Fiber supplements and clinically proven health benefits: How to recognize and recommend an effective fiber therapy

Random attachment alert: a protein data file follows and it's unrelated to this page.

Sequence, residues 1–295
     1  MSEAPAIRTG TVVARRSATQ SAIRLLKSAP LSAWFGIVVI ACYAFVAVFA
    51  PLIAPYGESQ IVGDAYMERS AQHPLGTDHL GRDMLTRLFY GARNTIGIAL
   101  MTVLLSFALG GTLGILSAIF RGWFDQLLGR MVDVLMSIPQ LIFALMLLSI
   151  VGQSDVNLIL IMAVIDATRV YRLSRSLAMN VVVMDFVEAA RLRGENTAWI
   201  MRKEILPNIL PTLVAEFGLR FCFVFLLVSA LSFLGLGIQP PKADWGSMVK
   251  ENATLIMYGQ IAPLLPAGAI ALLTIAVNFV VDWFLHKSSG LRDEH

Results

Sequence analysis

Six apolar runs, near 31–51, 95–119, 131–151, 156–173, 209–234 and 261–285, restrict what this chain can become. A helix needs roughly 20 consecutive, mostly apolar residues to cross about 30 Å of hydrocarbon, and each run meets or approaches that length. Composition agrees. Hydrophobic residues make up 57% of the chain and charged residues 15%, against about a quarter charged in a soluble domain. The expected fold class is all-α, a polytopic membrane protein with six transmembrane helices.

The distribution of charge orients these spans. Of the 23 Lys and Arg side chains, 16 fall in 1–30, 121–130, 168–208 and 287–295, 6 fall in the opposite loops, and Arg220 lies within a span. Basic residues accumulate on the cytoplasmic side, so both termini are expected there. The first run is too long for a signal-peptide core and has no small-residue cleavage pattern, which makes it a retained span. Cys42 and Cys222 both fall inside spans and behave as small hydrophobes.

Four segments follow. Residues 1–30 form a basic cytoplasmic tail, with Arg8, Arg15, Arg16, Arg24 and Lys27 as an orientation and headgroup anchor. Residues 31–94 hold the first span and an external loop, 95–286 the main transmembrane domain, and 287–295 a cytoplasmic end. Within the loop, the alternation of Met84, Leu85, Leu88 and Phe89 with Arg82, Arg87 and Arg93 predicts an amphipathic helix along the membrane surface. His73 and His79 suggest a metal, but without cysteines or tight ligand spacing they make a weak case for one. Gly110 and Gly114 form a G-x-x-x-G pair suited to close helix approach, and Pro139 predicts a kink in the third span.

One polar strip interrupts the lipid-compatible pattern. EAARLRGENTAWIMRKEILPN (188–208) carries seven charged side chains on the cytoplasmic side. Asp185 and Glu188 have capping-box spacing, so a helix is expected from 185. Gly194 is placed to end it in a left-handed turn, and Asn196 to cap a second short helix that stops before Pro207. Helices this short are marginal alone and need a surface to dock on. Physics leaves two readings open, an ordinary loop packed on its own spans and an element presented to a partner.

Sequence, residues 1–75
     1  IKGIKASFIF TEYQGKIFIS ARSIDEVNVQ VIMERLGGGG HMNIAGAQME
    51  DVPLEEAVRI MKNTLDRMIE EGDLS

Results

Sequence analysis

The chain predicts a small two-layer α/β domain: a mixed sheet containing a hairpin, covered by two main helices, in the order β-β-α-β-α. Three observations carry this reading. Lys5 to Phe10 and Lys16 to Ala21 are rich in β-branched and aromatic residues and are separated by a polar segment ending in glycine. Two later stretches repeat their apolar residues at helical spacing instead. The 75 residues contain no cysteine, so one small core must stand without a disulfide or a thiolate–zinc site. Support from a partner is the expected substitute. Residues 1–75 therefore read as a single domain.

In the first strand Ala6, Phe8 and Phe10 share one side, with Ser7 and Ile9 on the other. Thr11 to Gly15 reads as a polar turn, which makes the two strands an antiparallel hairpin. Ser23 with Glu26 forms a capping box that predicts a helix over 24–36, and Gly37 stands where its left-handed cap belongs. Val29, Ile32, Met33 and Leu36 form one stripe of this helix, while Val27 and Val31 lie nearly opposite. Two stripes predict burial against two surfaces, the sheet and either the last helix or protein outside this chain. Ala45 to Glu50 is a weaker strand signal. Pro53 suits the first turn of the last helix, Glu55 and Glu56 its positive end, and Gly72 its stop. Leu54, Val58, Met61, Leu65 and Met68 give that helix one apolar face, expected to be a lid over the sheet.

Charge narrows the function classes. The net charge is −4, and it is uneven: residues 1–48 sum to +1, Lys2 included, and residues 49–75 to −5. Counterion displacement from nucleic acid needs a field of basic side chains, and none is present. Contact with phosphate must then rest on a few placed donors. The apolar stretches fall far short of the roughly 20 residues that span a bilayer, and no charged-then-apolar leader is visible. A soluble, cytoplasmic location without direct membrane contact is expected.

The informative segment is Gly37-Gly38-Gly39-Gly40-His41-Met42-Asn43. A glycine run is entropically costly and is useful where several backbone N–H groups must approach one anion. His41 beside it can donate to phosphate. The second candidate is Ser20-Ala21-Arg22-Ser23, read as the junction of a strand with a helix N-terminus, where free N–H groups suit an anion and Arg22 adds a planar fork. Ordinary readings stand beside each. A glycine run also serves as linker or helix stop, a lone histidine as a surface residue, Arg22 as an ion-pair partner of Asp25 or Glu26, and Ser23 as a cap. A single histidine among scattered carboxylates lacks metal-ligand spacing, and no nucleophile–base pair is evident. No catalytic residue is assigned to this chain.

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IntroductionThere are numerous fiber products on the market today. Some contain a natural fiber, such as inulin (i.e., chicory root), psyllium (i.e., husk of blond psyllium seed), or β‐glucan (i.e., oat or barley; McRorie & Fahey, 2015). Others contain an artificially created product, such as polydextrose (synthetic polymer of glucose and sorbitol), wheat dextrin (heat/acid treated wheat starch), or methylcellulose (semisynthetic, chemically treated wood pulp; McRorie & Fahey, 2015). The Institute of Medicine distinguishes dietary fiber (the nondigestible carbohydrates and lignin that are intrinsic and intact in plants) from functional fiber (the isolated, nondigestible carbohydrates that have been shown to have beneficial physiological effects in humans; Institute of Medicine, 2002). To be considered a functional fiber, the isolated nondigestible carbohydrate found in a fiber supplement must have clinical evidence of a beneficial physiologic effect. While the term “fiber supplement” implies that the product can help make up for a shortfall in dietary fiber consumption from whole foods such as fruits, vegetables, and whole grains, it is important for nurse practitioners to understand which supplements actually have clinical evidence of a beneficial physiologic effect and qualify as functional fibers.Background and significanceMost of what we believe about the health benefits of high dietary fiber consumption from fruits, vegetables, and whole grains comes from population‐based (epidemiologic) studies. These studies compare subpopulations (e.g., those with high vs. low dietary fiber consumption) and look for statistical associations with decreased or increased incidence of disease. The adequate intake guidelines for dietary fiber are based on a significant association between a high‐fiber diet and a reduced risk for cardiovascular disease (Institute of Medicine, 2002). The Institute of Medicine recommends a fiber intake of 14 g/1000 kcal consumed, which translates to about 25 g/day for women and 38 g/day for men (adults aged 21–50). Older adults tend to consume fewer calories, so the recommendation for women and men over 50 is 21 and 30 g/day, respectively. Only about 5% of the U.S. population achieves the recommended level of dietary fiber consumption (U.S. Department of Agriculture, 2016). On average, adults consume only about 15 g of fiber per day, and those on a low carbohydrate diet consume less than 10 g per day.When considering the health benefits of dietary fiber (from whole foods), it is important to recognize that population‐based data lack the control necessary to establish causation. These studies can only establish statistical associations, so it is not possible to determine to what degree an observed physiologic effect is directly attributable to the fiber component of the diet, versus other health‐promoting components such as micronutrients, phytochemicals, or a reduction in fat/calorie intake. In contrast to whole foods, the physiologic effects of an isolated nondigestible carbohydrate (e.g., a fiber supplement) can be readily assessed for a direct effect in a placebo‐controlled clinical study. The purpose of this review is to provide nurse practitioners with an understanding of (a) the physical effects of isolated fibers in different regions of the gut that drive each specific health benefit, (b) which specific fibers possess the physical characteristics required to provide each specific health benefit, and (c) which specific fiber supplements are supported by rigorous evidence of a clinically meaningful health benefit.Health benefits derived from the physical effects of fiber in the small intestineImproving short‐term (postprandial) glycemic controlThe small intestine is approximately 7 m long and the mucosa is studded with millions of villi, each of which is covered with approximately 1000 microvilli per 0.1 μm2 (i.e., brush border; McRorie & Fahey, 2015).

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